For various reasons, Judeo-Christianity has a troubled relationship to the body that has translated through to our science. Consider Darwins reference in The Descent of Man that “Man still bears in his bodily frame the indelible stamp of his lowly origin.” This comment must be considered in the context of a note he wrote in his “M” notebook: “Our descent then, is the origin of our evil passions!! – the devil under form of baboon is our grandfather.” This devil in the from of our body can be connected to – amongst other sources – Pauls Corinthian letter which, as explained by Peter Brown in The Body and Society, places the body between man and his god.

In order to reconnect the body to humanity, and so to the earth, we must learn to acknowledge its presence. David Orr certainly did not have this in mind when he wrote that, “A good way to start thinking about nature is to talk about it. A better way is to talk to it.” Nevertheless, body centered practices can be central to reconnecting to the part of the earth that is humanity, and to the body as part of that earth. We can learn to both talk and listen to our bodies. In so doing, we are conversing with the earth.

If we do not accept our organic humanity amongst the earth, we accept the terms that have led to our life in the sky. If we treat the holy earth as separate from our humanity, and our bodies, we are rebuilding the very world that has produced the skyscraper. These assumptions are quite tenable. Modern science and modern medicine have wrought extraordinary benefits. But in connecting to the purpose of life, and the science of the holy, we must expand our understanding.

The body is more than an engine, or carrier of the soul. As David Abram wrote in the seminal The Spell of the Sensuous, “Our bodies have formed themselves in delicate reciprocity with the manifold textures, sounds, and shapes of an animate earth – our eyes have evolved in subtle interaction with other eyes, as our ears have attuned by their very structure to the howling of wolves, and the honking of geese. To shut ourselves off from these other voices, to continue by our lifestyles to condemn these other sensibilities to the oblivion of extinction, is to rob our own senses of their integrity, and to rob our minds of their coherenece. We are human only in contact, and conviviality, with what is not human.” At the same time, we are also holy only in contact, and conviviality with what is human.

Sex and Sexuality on Stage

A friend recently turned and said to me, Oh, youre a dancer. Thats so great that youre in touch with your feminine side! I replied: “dance is masculine, Woman!” It reminded me that aspects of our life today are embedded with expectations of gender and sexuality. Dance is inherently neither masculine, nor feminine. Dance is also neither straight nor gay.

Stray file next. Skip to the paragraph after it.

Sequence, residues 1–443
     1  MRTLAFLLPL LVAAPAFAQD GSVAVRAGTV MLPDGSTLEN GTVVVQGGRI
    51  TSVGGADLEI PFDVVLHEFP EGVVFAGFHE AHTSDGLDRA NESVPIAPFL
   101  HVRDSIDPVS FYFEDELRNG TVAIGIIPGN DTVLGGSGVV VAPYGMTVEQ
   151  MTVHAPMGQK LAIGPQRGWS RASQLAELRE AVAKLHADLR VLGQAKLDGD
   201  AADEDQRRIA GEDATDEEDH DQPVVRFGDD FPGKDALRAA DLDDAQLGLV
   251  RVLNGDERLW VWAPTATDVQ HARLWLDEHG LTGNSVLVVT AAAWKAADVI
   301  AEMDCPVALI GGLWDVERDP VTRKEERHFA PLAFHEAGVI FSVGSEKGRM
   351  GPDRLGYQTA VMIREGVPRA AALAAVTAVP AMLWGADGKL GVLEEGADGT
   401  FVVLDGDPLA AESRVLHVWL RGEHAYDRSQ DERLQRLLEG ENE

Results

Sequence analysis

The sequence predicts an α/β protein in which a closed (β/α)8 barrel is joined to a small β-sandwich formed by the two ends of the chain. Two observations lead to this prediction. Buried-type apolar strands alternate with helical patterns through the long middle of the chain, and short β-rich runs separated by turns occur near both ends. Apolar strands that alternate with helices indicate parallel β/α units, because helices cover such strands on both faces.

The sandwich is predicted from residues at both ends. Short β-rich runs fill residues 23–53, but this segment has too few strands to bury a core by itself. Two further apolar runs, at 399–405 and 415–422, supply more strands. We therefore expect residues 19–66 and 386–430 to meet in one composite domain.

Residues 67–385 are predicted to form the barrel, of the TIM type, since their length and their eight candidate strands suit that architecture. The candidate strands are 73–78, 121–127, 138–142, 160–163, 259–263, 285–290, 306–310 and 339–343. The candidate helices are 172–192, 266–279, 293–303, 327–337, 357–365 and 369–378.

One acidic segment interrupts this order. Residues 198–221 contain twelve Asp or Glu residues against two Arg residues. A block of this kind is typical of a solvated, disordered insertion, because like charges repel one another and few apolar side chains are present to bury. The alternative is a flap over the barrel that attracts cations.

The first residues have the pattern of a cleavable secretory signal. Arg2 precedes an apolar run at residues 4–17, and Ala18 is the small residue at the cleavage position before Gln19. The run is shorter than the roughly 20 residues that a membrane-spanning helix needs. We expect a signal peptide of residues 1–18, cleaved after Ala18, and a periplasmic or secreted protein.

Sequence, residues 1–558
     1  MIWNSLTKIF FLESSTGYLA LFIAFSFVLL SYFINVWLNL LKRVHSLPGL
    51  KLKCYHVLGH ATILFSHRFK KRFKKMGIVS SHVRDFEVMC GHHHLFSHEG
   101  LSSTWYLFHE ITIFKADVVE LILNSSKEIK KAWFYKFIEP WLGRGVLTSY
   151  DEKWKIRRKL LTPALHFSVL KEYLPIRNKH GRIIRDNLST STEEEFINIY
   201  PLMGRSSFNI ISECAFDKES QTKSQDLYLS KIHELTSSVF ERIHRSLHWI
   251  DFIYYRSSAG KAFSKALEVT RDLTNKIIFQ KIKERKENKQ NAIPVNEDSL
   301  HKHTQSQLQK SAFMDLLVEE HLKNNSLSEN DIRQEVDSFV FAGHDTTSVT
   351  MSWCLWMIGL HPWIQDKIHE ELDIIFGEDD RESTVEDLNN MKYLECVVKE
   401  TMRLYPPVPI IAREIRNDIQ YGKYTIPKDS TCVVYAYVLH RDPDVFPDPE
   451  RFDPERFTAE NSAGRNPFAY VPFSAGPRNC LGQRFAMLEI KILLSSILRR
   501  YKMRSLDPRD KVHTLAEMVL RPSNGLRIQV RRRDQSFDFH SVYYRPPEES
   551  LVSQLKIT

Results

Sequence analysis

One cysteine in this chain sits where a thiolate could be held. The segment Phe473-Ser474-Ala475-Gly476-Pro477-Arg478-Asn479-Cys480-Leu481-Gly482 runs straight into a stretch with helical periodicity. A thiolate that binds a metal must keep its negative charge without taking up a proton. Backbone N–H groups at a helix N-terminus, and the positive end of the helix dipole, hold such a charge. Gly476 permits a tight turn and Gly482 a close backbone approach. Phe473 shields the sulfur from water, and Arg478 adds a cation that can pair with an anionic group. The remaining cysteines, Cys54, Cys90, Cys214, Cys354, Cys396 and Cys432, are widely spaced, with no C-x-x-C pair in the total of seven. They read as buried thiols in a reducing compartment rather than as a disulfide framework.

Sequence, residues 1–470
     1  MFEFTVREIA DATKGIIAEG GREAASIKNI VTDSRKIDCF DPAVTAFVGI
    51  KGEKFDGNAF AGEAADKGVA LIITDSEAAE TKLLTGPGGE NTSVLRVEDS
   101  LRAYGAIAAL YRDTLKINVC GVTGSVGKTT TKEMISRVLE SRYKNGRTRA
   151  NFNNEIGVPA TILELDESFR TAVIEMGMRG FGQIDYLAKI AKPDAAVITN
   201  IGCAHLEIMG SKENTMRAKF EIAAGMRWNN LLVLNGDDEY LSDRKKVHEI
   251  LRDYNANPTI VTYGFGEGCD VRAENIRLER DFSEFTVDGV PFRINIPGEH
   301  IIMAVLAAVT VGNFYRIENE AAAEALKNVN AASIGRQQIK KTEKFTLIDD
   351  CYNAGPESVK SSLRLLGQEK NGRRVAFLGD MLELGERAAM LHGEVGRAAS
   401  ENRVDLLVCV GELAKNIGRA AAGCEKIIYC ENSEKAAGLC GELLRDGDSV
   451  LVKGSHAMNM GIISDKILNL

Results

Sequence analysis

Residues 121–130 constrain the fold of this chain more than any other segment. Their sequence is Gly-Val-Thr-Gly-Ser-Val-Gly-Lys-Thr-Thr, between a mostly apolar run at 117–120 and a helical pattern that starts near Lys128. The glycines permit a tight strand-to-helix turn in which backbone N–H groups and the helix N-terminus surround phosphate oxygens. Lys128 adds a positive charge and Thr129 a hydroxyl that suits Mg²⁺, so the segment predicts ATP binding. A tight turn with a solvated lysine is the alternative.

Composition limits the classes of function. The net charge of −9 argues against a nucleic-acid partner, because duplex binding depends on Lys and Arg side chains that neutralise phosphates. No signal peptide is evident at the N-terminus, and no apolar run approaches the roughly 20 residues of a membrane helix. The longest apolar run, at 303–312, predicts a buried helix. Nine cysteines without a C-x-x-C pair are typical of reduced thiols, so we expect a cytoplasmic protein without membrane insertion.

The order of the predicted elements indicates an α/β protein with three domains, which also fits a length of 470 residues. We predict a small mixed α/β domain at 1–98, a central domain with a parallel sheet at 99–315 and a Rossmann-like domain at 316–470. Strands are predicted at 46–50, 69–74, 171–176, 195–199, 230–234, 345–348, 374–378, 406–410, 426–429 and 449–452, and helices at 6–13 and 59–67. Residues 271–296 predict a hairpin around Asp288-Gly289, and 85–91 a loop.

In performance practice, there are issues of character creation that legitimately come into play. Classical and narrative dance relies on the creation of character, and so of necessity, stereotypes are used. In the use of character within abstract work, however, it seems frequently as though our community is a dog being wagged by its tail. We seem to rely on the same character types that much of the work is seeking to both acknowledge and dissolve.

Artists are the visionaries who create the new world. At least thats what it says in our press packet. And so while we are representatives of communities, we are also leaders, responsible for helping others find the new light, the new way, the truth, and the way away from The Guiding Light. When we pay homage too deeply to existing stereotypes of humanity we lose our ability to express a more complex, holistic humanity.

Art – dance inclusive – has always been a home for the alternative. Artists are different. Today as all members of the society jockey for full participation, artists are unfortunately making our own acceptance more difficult by producing work that fetishizes notions of masculine, feminine, straight, and gay. To the degree that we as artists prepare the audience to see the world in stereotypes, we perpetuate a society that only knows how to know through separation.

Nevertheless – are there essential character traits to being a man? Are there central character traits to being a gay man? It is fine to answer glibly that, yes, being a Man (capital M) means liking beer, sports, and Jessica Simpson, and that being a gay man means liking fashion, wine-coolers and Jake Gylenhall. But that is not only bullshit, it hurts all of us. The fetishization of gay characteristics, the fetishization of female characteristics, pigeon-holes not just the artists but the audience into roles that have nothing to do with their character.

Being a dancer does not imbue one with a character. Being gay does not give one a certain character. Being a woman does not give one a certain character. We still live in a world where smart people – for example Lawrence Summers, recent past president of Harvard University – still actually debate whether men and women have the same intellectual possibility. As long as we – the visionaries of society – project stereotypes of masculine/feminine/gay/straight we give validity to the limits placed on any of those groups. Perpetuation of stereotypes in gender, sexuality, race, ethnicity, and age may be a part of our past, but they do not have to a part of our present.